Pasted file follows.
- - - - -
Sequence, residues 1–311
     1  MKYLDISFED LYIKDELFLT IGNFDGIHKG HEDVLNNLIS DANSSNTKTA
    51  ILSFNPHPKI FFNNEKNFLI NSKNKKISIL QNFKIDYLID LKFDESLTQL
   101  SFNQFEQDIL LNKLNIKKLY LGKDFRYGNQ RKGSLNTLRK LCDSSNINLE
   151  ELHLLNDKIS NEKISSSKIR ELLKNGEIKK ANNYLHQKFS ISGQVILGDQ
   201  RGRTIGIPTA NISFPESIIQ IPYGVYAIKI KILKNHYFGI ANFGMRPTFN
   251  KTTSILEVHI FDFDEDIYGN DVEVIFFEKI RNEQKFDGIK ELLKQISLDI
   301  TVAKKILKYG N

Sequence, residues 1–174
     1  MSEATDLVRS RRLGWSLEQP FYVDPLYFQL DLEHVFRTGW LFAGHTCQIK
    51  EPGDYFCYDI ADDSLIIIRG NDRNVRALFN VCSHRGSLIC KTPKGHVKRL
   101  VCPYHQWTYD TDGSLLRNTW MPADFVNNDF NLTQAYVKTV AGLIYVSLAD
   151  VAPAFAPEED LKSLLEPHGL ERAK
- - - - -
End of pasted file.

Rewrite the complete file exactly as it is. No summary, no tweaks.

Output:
Sequence, residues 1–311
     1  MKYLDISFED LYIKDELFLT IGNFDGIHKG HEDVLNNLIS DANSSNTKTA
    51  ILSFNPHPKI FFNNEKNFLI NSKNKKISIL QNFKIDYLID LKFDESLTQL
   101  SFNQFEQDIL LNKLNIKKLY LGKDFRYGNQ RKGSLNTLRK LCDSSNINLE
   151  ELHLLNDKIS NEKISSSKIR ELLKNGEIKK ANNYLHQKFS ISGQVILGDQ
   201  RGRTIGIPTA NISFPESIIQ IPYGVYAIKI KILKNHYFGI ANFGMRPTFN
   251  KTTSILEVHI FDFDEDIYGN DVEVIFFEKI RNEQKFDGIK ELLKQISLDI
   301  TVAKKILKYG N

Sequence, residues 1–174
     1  MSEATDLVRS RRLGWSLEQP FYVDPLYFQL DLEHVFRTGW LFAGHTCQIK
    51  EPGDYFCYDI ADDSLIIIRG NDRNVRALFN VCSHRGSLIC KTPKGHVKRL
   101  VCPYHQWTYD TDGSLLRNTW MPADFVNNDF NLTQAYVKTV AGLIYVSLAD
   151  VAPAFAPEED LKSLLEPHGL ERAK